From the student perspective, the purpose of a cheat sheet card is to improve their quiz score. Unfortunately, anecdotal evidence (which is all I have at this point) doesn’t bear that out. Grades on the quizzes aren’t much, if at all higher than before I allowed the cards.

That’s at least partly due to the observations above. I tried to convince students that the act of preparing the card promotes learning. The value of the card during the quiz is directly related to the quality of time and effort that went into preparing it. The message didn’t get through. Worse, feedback suggests students may have shifted from thinking about concept interrelationships toward putting basic definitions on the card.

Readers of this blog may be surprised (disappointed?) by this post’s focus on an ineffective strategy. But there is much you and I can learn from epic fails. Here are two quick takeaways:

  1. Wrappers or other mid-semester feedback is vital to understanding our students. I’m gaining valuable insight from the honest admissions about study time and strategies used. A lot of it depressed me (more about that soon). But I can’t improve instruction or enhance learning if I’m unaware of where my students are as learners.
  2. We learn a lot from mistakes.  Be brave. Pick one instructional strategy and critically examine the intended and unintended consequences. What are your assumptions? What are your intentions? What evidence can you gather to test how well they are or aren’t being met?

I’d appreciate learning from your “epic fail.” Please share what you learned from a strategy or policy that didn’t work. Let’s learn from and with each other.

SWOT: A strategy for mid- & late-career teachers


One of the most common analytical approaches taught in business programs is SWOT Analysis. Students are asked to identify an organization’s Strengths, Weaknesses, Opportunities, and Threats.  The results identify strategic, proactive actions the firm can take to improve.  Andy Molinsky, author and speaker, recently blogged about the need for entrepreneurs to apply the technique to themselves, asking entrepreneurs to consider their blind spots, weaknesses and opportunities.  You can find the source article here. I think SWOT can be a useful exercise for mid-career teachers.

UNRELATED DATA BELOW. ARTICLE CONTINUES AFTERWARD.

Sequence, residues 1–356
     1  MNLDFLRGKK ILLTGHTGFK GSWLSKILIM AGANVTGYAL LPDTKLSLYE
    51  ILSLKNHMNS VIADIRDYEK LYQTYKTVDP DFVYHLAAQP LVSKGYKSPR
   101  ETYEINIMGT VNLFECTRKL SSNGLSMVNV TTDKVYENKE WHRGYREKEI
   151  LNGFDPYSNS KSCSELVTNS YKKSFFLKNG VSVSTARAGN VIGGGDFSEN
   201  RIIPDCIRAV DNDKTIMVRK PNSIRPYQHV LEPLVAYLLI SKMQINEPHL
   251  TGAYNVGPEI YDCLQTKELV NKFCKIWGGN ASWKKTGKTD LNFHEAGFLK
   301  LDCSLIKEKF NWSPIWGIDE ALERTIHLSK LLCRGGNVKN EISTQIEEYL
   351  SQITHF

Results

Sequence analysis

Strengths.  What are your teaching strengths? Are you organized? Do you plan well? Are you an engaging speaker? Do you have a way with words? Are you personable? Are you tops in your field? Are you reliable, dependable, trustworthy? Are you effective at motivating and inspiring students? Are you savvy with technology? Can you find that sweet spot of pushing students hard without discouraging them? In economic terms- what are your comparative advantages?

Weaknesses. Be honest. What aspects of teaching or work as a teacher is a struggle? Are you disorganized? Impatient? Do you have trouble learning students’ names? Have trouble managing teaching and learning at a reasonable pace? Does your teaching feel stale? Do you procrastinate? Return papers late? Miss opportunities for timely feedback?

Opportunities. Molinsky sees opportunities as “chances to build on your strengths and rectify your weaknesses.” Look at the patterns and relationships between and among your strengths and weaknesses. Are there ways to minimize a weakness by exploiting a strength? For example: Could you apply a technology skills advantage toward becoming more organized, managing paperwork, or grading more timely?

Threats. Threats can be internal, personal, departmental, or institutional. For contract faculty, job insecurity may be a significant threat. For tenure-line faculty slow publication acceptances and manuscript rejections can be significant professional hazards.  Decreases in funding, declining enrollments, changing demographics, new leadership, or a lack of institutional leadership can be threats to teaching vibrancy and effectiveness.

Look at the patterns and relationships between and among the SWOT categories.  How might you use this information to invigorate your teaching?

Additional resources:

Mid-Career Faculty: How to Stay Engaged Fulfilled and Productive. White paper from Faculty Focus,

Phelps, Patty. Nov 12, 2014. Climbing the Stairs: Observations on a Teaching Career. Faculty Focus,

Weimer, Maryellen. (2010). Inspired College Teaching: A Career-Long Resource for Professional Growth. Jossey-Bass: San Francisco.